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U.S. Department of Defense
Office of the Assistant Secretary of Defense (Public Affairs)
News Transcript

Presenter: Secretary of Defense Robert M. Gates October 21, 2009

Joint Press Conference with Japanese Defense Minister Toshimi Kitazawa and Secretary of Defense Robert Gates

MIN. KITAZAWA: (In Japanese.)

STAFF: Secretary Gates, please.

SEC. GATES: Thank you, Mr. Minister. And let me express to you my thanks for hosting these very productive talks.

Japan and the United States are nearing the 50th anniversary of the Treaty of Mutual Cooperation and Security - a half century of partnership and cooperation based on shared interests and shared values. It is the cornerstone of our security policy in Asia.

There will be many opportunities over the coming year to celebrate all that we have achieved together. The true legacy of the last 50 years is the enormous potential we have to strengthen our ties in order to tackle security challenges as an alliance of equals in the 21st century.

Minister Kitazawa and I discussed a range of matters of mutual interests. I should note that many of these issues will also be on the agenda for the president's visit next month, and I would add -- I passed on to the prime minister and the foreign minister and defense minister how much President Obama is looking forward to coming to Japan next month.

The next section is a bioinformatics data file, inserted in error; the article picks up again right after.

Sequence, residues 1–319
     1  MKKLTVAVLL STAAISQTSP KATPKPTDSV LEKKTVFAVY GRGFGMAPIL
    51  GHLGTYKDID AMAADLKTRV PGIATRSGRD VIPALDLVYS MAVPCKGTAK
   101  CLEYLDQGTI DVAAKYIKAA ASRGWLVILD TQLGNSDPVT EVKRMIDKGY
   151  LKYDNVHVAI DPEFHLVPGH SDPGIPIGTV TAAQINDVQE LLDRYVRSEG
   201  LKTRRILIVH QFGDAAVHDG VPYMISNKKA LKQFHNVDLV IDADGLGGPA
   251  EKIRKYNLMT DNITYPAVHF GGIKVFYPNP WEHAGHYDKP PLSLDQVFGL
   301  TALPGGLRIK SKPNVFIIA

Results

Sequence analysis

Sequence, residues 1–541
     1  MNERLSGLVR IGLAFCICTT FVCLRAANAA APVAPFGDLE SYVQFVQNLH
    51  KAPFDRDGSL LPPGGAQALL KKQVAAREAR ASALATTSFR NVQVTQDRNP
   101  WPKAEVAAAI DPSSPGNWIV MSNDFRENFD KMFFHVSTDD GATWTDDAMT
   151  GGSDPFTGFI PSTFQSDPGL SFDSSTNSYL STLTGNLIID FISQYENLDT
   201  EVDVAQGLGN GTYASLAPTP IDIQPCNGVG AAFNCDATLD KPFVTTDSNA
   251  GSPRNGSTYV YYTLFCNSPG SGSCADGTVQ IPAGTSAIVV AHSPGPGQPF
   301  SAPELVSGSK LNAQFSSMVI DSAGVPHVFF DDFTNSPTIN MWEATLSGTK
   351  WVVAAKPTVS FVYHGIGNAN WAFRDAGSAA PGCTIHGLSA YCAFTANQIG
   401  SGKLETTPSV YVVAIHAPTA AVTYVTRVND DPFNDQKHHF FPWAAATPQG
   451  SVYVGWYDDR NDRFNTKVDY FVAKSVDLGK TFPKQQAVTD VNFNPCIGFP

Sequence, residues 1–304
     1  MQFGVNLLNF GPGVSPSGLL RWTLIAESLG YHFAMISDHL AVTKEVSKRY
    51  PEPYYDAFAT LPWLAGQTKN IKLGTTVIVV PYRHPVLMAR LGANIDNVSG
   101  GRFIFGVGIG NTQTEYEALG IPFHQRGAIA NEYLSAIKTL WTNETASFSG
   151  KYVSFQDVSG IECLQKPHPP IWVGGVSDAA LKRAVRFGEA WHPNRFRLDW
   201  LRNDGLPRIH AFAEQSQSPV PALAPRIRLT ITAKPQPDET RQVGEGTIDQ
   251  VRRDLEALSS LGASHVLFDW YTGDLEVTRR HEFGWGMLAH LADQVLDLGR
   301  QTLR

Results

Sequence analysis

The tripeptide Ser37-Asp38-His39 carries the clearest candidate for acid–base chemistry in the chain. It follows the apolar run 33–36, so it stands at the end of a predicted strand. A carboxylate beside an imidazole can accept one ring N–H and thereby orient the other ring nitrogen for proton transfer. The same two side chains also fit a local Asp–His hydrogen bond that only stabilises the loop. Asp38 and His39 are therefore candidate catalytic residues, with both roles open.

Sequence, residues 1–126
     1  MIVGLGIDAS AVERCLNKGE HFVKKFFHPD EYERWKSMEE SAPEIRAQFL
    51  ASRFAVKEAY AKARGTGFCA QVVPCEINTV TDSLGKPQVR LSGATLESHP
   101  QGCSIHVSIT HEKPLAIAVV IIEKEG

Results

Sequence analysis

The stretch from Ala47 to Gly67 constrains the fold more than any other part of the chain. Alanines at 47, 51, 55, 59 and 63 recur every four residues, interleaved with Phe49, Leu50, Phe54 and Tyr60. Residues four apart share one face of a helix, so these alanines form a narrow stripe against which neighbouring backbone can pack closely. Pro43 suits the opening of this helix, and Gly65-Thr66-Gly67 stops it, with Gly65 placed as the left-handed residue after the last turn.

The issues we discussed included the importance of our bilateral realignment road map, its strategic benefits to the U.S., Japan and the region -- (inaudible) -- the importance of moving forward expeditiously on the road map as agreed.

There are the challenges facing Afghanistan and Pakistan where I expressed my appreciation for all that Japan's self-defense forces have done in that region with regard to refueling and economic reconstruction and security assistance. We appreciate Japan stepping forward in other areas such as piracy, and the international community will continue to expect Japan to exercise leadership in meeting global security challenges.

There is the possibility of strengthening bilateral coordination on regional disaster response, a priority for both of our governments.

The minister and I spoke about how to work together as an alliance to achieve our shared objective of a denuclearized North Korea. And we discussed the importance of Japan's host nation support, which the U.S. views as a strategic pillar of the alliance that reflects Japan's commitment to our relationship.

We look forward to working with the new government here in Japan, and I especially look forward to working alongside Minister Kitazawa and building on the legacy of the last 50 years to strengthen and deepen our partnership for the future.

MIN. KITAZAWA: (In Japanese.)

Q (In Japanese.)

MIN. KITAZAWA: (In Japanese.)

SEC. GATES: First of all, we are very sympathetic to the desire of the new government in Japan to review the realignment road map. This was done at the beginning of the administration of President Obama and the United States. It was done in a timely enough way that Secretary of State Clinton was able to sign the Guam International Agreement in February with the Japanese foreign minister.